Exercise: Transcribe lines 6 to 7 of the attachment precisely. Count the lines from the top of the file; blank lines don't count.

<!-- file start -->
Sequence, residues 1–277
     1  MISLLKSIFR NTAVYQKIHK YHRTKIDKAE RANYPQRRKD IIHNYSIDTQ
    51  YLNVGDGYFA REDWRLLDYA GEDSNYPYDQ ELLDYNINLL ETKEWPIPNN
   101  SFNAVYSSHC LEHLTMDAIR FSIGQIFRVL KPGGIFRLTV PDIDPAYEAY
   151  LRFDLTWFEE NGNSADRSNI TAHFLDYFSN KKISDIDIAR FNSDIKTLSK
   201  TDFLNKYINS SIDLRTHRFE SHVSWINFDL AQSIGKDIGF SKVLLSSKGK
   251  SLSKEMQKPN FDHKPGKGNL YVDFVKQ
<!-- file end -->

   201  TDFLNKYINS SIDLRTHRFE SHVSWINFDL AQSIGKDIGF SKVLLSSKGK
   251  SLSKEMQKPN FDHKPGKGNL YVDFVKQ